• In Week 17, the entire schedule is set on only six days notice, ensuring that NBC gets a game with playoff implications, generally a game where the winner is the division champion. In theory, NBC may also show an intra-division game for a wild card spot, or a game where only one team wins the division with a win but doesn’t win the division with a loss, but such situations are rare and NBC has never shown them. If no game is guaranteed to have maximum playoff implications before Sunday night in this fashion, the league has been known not to schedule a Sunday night game at all. To ensure maximum flexibility, no protections or appearance limits apply to Week 17. The NFL also arranges the rest of the schedule such that no team playing at 4:25 PM ET (there are no 4:05 games Week 17) could have their playoff fate decided by the outcome of the 1 PM ET games, which usually means most if not all of the games with playoff implications outside Sunday night are played at 4:25 PM ET.

Here are the current tentatively-scheduled games and my predictions:

Week 7 (October 21):

  • Selected game: Cincinnati @ Kansas City. I might have picked that game if it were the main flex period and we had a larger sample size to establish that the Bengals in particular are for real and if we could establish the existence of any stars not named Patrick Mahomes (and A. J. Green I guess). More concerning to me is that pretty much everyone who wasn’t getting their information from me seemed to think the Eagles were counted for only five primetime appearances, with their London game on NFL Network not counting (the folks at the 506sports forums didn’t seem to even consider otherwise until I brought it up), which… I don’t know that I actually ever saw anything indicating London games on NFL Network counted towards appearance limits, but it would seem to fly in the face of everything else known about what does and doesn’t count towards appearance limits and why those limits exist to begin with. I was even linked to an April piece by a Packers writer indicating that it’s an actual rule that no team may be scheduled for the full six games before the season starts, which clearly isn’t the case (anymore) no matter what as neither the Chiefs or Steelers last year played in London and all of the Chiefs’ games were true primetime games. In any case I didn’t see anything from a truly infallible source, and the notion that the Eagles weren’t maxed out was always important primarily for the argument that Saints-Ravens would be flexed in, and not only did that not happen but Saints-Ravens remains in 4:05 purgatory and CBS is no longer sending Cowboys-Indians to a full national audience but is regionalizing it with Rams-Niners, when Rams-Niners at 4:05 would probably make more sense for both networks, so I’m hardly convinced the Eagles really aren’t maxed out, but feel free to add an asterisk and mentally subtract one from the Eagles and Jaguars’ primetime totals if you wish.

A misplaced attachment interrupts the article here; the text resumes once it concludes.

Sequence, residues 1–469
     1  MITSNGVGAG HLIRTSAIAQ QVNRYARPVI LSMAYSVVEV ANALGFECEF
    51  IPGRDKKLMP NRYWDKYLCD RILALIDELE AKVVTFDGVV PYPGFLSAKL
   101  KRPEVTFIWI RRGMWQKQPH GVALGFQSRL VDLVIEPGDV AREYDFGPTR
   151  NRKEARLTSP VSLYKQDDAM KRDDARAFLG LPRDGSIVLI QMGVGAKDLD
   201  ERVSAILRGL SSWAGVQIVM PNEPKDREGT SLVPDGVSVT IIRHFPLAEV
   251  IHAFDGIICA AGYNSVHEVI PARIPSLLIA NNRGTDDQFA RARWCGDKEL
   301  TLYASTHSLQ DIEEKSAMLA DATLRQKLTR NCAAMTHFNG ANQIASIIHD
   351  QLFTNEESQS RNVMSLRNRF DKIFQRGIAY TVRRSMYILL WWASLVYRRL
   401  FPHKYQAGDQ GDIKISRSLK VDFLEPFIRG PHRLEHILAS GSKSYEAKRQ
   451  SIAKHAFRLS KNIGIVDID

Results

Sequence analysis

Week 11 (November 18):

  • Tentative game: Pittsburgh @ Jacksonville
  • Prospects: 2-2-1 v. 3-2. Somewhat mediocre, but the Jags are tied for the division lead again and the Steelers are always good to pop a rating.
  • Likely protections: Bengals-Ravens if anything (CBS) and Vikings-Bears or Eagles-Saints (more likely the former even if Fox needs to protect Eagles games) (FOX).
  • Other possible games: Only options involve teams below .500: Panthers-Lions, Texans-Indians, Broncos-Chargers.

Week 12 (November 25):

  • Tentative game: Green Bay @ Minnesota
  • Prospects: A battle of 2-2-1 teams a game back of the division, and one of the NFL’s more heated rivalries.
  • Likely protections: Patriots-Jets if anything (CBS) and Seahawks-Panthers if anything (with an off chance of Giants-Eagles) (FOX).